The word hemianopia comes from the Greek words:
So, how does someone with hemianopia see differently from someone with typical vision?
With hemianopia, like typical sight, the visual information is received through both eyes.
You may have seen the word homonymous with hemianopia. Homonymous is from the Greek word homonymous meaning 'to be the same'. In the context of Homonymous Hemianopia, homonymous refers to the visual field loss being the same from both eyes.
The visual information is processed and sent initially to the back of the brain (the occipital lobes lesson 1b), to be processed to create the picture you see, and from there along different pathways for further processing (lesson 3j).
What if the occipital lobes are not working typically?
Imagine you are walking in beautiful open countryside, somewhere like the image below:
Let us turn this image of what we are looking at into a clock...
The occipital lobes at the back of the brain process the visual information the opposite way around.
The image below shows the occipital lobes in red, as they would be seen if someone was standing behind you looking at the back of your head.
The left occipital lobe creates the picture (using the visual information from both eyes) that you see of the right side of your visual field.
The right occipital lobe creates the picture (using the visual information from both eyes) you see of the left side of your visual field.
So, if something happened to one of the occipital lobes, let us say the right occipital lobe, it will affect the left side of the image of what you are looking at.
Right occipital lobe damage can mean that the left side of what is seen is absent. This is called a left hemianopia, affecting the left visual field, but it is due to damage to the right occipital lobe.
So the brain is only able to process half the image, like this:
But this is not how vision is experienced for everyone with left hemianopia. The image can be experienced as central, and often the absent half is forgotten.
So what is experienced, and how it is different to typical vision may be something like these images below:
The diagram below shows the different combinations of visual field loss due to damage to the occipital lobes. The diagram shows, using a clock, how the quarters of what you are looking at, relate to the opposite quarters in the occipital lobes.
The main cause of hemianopia is injury due to stroke (blockage of the blood supply to the brain), which can occur at any time in life, including in a developing foetus in the womb. Other causes including bleeds in the brain (haemorrhage) and tumours.
These injuries are not always confined to the occipital lobes.
In some cases other parts of the brain can be affected as well.
Some people with hemianopia may also have difficulties interpreting what they see.
While some people who have had a stroke, making one side of the body weak, may not see to the side affected by the stroke.
Hemianopia is relatively straight forward to identify, measure and diagnose using standard visual field tests. Further difficulties with visual processing due to the wider injury may be less easy to pick up. Our future lessons (in Levels 7 and 8) covering cerebral visual impairments from the parietal and temporal lobes may prove helpful for those with brain injury causing hemianopia extending beyond the occipital lobes.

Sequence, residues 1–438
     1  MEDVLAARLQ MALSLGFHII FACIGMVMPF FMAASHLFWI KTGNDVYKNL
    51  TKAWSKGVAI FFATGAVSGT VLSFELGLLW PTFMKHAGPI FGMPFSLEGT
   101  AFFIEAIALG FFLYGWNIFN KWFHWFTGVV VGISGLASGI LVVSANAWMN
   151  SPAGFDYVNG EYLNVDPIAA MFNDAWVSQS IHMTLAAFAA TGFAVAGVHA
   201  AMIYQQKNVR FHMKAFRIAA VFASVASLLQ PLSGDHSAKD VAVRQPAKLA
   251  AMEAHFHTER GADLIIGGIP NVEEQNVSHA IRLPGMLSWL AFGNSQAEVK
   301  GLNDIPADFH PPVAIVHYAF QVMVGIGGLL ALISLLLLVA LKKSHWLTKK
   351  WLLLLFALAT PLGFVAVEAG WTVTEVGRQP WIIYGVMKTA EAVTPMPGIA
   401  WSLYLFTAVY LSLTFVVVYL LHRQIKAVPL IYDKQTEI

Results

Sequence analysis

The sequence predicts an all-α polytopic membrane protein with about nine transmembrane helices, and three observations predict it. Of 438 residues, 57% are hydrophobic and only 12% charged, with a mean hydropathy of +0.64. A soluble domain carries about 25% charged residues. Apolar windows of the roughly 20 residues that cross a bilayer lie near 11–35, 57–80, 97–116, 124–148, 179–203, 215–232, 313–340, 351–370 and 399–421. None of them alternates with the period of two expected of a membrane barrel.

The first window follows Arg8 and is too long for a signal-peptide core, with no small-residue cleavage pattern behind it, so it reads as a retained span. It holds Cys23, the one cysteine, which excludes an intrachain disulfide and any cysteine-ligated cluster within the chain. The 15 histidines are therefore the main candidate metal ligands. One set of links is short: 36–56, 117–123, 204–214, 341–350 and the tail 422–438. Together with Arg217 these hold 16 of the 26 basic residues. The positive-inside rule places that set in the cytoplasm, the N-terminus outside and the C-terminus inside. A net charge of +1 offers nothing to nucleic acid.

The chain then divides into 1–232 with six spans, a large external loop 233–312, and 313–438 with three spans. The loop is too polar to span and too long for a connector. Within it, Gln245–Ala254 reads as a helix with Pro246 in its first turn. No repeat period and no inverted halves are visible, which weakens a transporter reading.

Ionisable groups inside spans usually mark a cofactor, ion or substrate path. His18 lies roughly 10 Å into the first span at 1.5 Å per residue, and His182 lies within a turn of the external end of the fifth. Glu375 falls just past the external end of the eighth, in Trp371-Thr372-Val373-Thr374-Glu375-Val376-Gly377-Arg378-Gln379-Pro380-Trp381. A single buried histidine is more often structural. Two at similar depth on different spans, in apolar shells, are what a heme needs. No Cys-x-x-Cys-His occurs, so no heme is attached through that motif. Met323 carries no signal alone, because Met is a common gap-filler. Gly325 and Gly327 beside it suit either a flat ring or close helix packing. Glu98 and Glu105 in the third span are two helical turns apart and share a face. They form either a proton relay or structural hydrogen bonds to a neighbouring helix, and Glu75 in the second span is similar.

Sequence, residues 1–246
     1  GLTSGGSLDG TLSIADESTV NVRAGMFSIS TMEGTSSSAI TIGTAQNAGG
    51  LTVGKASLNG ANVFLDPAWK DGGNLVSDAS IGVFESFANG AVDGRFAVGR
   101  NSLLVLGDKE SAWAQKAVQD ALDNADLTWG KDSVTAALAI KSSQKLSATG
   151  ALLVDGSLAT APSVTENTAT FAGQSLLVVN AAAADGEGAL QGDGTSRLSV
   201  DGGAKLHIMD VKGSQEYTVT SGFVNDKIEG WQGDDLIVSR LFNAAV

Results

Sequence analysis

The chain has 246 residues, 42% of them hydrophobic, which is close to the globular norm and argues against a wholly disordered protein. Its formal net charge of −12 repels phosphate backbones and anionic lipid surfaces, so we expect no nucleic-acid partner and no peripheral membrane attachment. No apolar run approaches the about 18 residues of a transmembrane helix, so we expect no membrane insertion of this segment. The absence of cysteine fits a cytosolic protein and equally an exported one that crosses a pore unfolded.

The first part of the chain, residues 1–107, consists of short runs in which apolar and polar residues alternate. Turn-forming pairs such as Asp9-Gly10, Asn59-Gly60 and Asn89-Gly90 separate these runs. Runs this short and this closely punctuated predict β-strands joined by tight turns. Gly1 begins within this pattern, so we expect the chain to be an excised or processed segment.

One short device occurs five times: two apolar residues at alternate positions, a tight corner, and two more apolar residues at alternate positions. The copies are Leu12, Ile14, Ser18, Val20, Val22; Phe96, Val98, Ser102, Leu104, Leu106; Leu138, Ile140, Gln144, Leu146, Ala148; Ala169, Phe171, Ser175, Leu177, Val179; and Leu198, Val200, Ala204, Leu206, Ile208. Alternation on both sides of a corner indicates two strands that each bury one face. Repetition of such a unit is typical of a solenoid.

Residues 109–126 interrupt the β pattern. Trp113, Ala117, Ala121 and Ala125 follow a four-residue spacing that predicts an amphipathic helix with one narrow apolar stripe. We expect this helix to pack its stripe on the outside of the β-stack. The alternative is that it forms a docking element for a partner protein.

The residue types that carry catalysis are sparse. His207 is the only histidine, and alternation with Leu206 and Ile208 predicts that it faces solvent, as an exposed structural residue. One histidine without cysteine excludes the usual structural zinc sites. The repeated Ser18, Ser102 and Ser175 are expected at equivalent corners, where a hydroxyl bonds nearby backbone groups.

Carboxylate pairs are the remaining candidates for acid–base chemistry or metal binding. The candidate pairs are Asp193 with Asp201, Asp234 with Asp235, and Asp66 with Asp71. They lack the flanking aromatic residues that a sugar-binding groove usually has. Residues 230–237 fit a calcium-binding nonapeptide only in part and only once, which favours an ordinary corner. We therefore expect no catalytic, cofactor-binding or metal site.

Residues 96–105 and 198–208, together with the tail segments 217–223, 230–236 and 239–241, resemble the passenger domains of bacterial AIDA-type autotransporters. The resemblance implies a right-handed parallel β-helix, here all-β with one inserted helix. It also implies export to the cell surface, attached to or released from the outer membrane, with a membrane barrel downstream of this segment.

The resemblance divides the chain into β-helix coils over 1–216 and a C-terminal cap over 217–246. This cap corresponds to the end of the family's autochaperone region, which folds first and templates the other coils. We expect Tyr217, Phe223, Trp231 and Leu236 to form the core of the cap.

Support if required needs to include allowing for the fact that not only does the person not see on one side, they might not be aware that they are not seeing on that side.
A person with hemianopia, due to not seeing things can:
Hemianopia can affect different people very differently. Where a child is born with hemianopia or has acquired it soon after birth or in early childhood, they may appear to cope remarkably well, even appearing to see just as well in the half of their visual field without vision. One suggestion is that due to the anatomy of the most common causes of hemianopia in young children, the middle temporal area of the brain (lesson 1d), working with reflex vision (lesson 3h), with the optimal plasticity of the young developing brain, are able to sort of fill in the missing gap with a different type of vision that is so effective, that such people can go through their lives unaware they have hemianopia.
Where hemianopia is acquired, most commonly due to stroke in people over the age of fifty, this development of regaining conscious vision in the absent visual field is less common, although there are more and more reported cases. The brain is most 'plastic' in childhood, but the brain never loses its capacity to grow and learn, and there may be great opportunities in the areas of habilitation and rehabilitation due to hemianopia, to develop conscious visual awareness in the absent visual field. It is early days but every exciting!
It is very difficult to appreciate how hard it can be when something a typically sighted person takes for granted, simply doesn't exist for a person with hemianopia, because they can't see it.
Much of the support for hemianopia is around strategies to remind people of the other half of the visual field around them.
Examples of mishaps due to hemianopia we have heard of include:
These might at first sound amusing, but living with hemianopia can be stressful and embarrassing, and those unaffected can do an enormous amount to help, by learning and by understanding.
Before you move onto the next lesson, please check you understand:
Next lesson: Level 6b CVIs Visual Field Impairments - Blindsight
Further reading is not necessary to proceed, but if interested you may enjoy the following:
What Is CVI? Hemianopia
Nicola McDowell's Blog 6 - A World of Halves
Homonymous Hemianopia (New Vision in Absent Visual Field) Paper.
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